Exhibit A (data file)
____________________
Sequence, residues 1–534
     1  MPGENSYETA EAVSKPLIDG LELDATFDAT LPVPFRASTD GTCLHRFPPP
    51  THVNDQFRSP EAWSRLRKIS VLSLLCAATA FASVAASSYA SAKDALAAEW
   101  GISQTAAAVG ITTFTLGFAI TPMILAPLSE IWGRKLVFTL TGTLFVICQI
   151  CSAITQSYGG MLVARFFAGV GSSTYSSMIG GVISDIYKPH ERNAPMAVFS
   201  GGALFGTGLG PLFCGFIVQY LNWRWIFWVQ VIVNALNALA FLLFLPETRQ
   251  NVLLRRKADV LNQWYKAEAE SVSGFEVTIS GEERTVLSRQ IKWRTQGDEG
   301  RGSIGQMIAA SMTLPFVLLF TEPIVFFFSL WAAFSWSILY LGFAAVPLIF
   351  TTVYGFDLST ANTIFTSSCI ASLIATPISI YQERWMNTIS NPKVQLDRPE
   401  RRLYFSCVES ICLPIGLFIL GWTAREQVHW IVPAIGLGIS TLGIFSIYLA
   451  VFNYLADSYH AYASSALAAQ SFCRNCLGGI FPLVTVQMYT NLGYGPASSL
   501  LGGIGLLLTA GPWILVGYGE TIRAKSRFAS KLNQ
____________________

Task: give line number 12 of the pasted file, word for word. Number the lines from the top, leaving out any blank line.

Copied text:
   501  LGGIGLLLTA GPWILVGYGE TIRAKSRFAS KLNQ